How unhealed trauma shows up in relationships: Psychologist shares insights
- From being a parent to the partner to repeating dysfunctional cycles of trauma to sabotaging the relationship, here are a few ways in which unresolved trauma shows up in relationships.
Relationships, after the initial phase of firecrackers, become a journey of accepting each other through thick and thin. This also involves accepting and dealing with a person’s personal traumas, childhood terror and memories that they do not wish to remember, and scars that have left a permanent mark in their mind. A lot of people carry their unresolved trauma from their past life into their relationship. Often it becomes a portrayal through their expressions and the way they treat their partner.
In an Instagram post, Psychologist Nicole LePera dealt addressed the issue of unresolved trauma and how it creeps in the way of relationships and make things difficult. Take a look at it here:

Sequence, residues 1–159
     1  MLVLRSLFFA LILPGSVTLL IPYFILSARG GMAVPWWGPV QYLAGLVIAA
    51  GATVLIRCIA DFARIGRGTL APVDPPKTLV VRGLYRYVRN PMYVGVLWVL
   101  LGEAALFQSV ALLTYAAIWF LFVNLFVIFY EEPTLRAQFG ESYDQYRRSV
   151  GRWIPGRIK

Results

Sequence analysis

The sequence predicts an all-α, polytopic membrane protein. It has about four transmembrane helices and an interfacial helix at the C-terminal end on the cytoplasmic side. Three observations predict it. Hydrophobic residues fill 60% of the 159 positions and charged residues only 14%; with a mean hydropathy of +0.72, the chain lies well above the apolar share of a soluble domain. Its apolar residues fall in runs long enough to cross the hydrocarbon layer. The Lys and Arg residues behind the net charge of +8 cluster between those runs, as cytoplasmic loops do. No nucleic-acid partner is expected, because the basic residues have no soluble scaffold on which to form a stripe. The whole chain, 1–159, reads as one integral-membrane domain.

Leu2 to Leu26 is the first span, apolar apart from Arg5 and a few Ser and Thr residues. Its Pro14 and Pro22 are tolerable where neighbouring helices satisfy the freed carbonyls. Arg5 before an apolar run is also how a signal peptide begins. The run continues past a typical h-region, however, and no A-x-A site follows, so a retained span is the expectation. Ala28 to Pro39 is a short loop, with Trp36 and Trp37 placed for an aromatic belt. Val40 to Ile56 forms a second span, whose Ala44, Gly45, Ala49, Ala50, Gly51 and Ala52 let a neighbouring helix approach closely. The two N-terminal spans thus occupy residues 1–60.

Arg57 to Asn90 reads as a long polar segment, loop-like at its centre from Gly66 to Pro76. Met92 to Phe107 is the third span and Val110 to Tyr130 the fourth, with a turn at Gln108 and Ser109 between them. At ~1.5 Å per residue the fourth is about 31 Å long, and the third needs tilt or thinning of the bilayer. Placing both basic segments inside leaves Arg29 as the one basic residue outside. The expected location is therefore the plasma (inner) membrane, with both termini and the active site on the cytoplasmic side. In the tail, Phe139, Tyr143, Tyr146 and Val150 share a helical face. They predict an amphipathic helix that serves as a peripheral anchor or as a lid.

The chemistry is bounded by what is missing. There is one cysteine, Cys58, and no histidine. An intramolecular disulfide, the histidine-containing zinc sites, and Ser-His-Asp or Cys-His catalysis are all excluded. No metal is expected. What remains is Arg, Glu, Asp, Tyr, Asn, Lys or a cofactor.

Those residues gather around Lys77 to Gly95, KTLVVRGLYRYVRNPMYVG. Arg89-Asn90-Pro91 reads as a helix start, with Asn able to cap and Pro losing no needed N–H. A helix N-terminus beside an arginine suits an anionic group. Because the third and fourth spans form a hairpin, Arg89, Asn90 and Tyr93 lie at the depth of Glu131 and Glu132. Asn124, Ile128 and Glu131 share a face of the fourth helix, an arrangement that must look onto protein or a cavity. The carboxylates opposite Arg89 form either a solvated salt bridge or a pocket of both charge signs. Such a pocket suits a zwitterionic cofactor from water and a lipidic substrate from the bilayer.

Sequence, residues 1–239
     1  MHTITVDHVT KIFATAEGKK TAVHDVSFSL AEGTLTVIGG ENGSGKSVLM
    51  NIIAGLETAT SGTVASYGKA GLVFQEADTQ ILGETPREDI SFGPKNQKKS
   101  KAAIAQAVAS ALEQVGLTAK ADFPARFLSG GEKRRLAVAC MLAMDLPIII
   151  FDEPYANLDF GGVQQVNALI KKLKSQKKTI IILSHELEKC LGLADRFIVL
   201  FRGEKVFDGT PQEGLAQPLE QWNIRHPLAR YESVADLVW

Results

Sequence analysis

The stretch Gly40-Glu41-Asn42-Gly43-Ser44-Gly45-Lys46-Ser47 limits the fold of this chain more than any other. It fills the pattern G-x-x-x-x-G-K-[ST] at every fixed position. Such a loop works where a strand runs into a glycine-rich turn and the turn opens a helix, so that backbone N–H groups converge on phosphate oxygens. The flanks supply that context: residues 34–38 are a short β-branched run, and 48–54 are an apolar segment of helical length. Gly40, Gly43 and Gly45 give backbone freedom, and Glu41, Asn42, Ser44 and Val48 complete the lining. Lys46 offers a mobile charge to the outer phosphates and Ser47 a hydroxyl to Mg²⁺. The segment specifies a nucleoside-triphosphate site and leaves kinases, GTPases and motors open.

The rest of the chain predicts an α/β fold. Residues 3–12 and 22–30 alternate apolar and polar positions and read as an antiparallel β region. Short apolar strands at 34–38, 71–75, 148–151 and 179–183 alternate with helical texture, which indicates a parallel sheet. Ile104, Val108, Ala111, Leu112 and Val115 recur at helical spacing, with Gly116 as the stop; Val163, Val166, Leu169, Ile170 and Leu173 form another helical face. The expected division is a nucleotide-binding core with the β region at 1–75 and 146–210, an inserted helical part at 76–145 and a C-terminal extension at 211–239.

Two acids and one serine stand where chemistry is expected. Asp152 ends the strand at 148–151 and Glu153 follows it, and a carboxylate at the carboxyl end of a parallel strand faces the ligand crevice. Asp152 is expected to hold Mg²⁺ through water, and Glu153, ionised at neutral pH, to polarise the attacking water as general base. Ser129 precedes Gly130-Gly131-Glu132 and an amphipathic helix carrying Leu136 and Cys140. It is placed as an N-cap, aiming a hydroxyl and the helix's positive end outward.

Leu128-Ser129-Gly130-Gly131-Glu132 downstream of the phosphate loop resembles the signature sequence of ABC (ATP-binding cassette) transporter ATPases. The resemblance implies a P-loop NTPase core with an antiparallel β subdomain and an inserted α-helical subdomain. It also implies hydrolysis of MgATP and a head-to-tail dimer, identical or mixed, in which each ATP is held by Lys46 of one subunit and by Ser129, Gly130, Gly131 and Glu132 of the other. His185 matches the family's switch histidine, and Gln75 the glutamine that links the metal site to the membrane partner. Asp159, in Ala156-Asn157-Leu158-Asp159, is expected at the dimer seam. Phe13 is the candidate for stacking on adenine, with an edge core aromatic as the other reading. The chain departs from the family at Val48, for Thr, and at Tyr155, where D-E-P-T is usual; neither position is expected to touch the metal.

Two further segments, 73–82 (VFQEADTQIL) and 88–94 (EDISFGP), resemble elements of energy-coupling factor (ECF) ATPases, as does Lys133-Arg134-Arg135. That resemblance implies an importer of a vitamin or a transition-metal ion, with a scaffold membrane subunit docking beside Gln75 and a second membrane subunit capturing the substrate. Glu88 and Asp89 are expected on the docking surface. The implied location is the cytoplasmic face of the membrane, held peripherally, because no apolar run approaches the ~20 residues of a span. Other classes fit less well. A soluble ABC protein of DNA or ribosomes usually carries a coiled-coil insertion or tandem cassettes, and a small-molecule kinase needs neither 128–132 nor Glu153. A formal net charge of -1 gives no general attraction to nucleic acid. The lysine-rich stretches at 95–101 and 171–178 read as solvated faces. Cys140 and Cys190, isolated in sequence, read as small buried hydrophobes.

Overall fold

Chaos, crisis: When chaos and crisis form the base of relationships in the way we are brought up from childhood, often predictability and stability feel boring. Hence, people look for chaos and crisis as they feel safe in those situations.
Sabotage: Sabotaging a relationship is another way of expressing the trauma. It can be through a variety of ways – betrayal, deceit, substance use and financial irresponsibility.
Inner child fantasies: When people have grown up having parents who have been abusive or have neglected them, they choose to think of people the way they see – a kind of fantasy.
Inability to communicate: We always learn the art of communication from our parents. When we have seen unhealthy ways of communication, we also tend to shut down or be in denial.
Repeating dysfunctional cycles: In this process of repetition compulsion, people tend to recreate or go through the same childhood traumas over and over again.
Fear of abandonment: The fear of being left alone is consistent in the mind – this makes them over analyse or over think or end a relationship as soon as they feel a little vulnerable.
Being a parent: many people see themselves as a parent to their partner – they start micro-managing their finances or setting harsh punishments or tracking their every move, leading to unhealthy power dynamics.
Lack of self-trust: Denying the reality and second-guessing the way they feel cause problems in the relationship as well.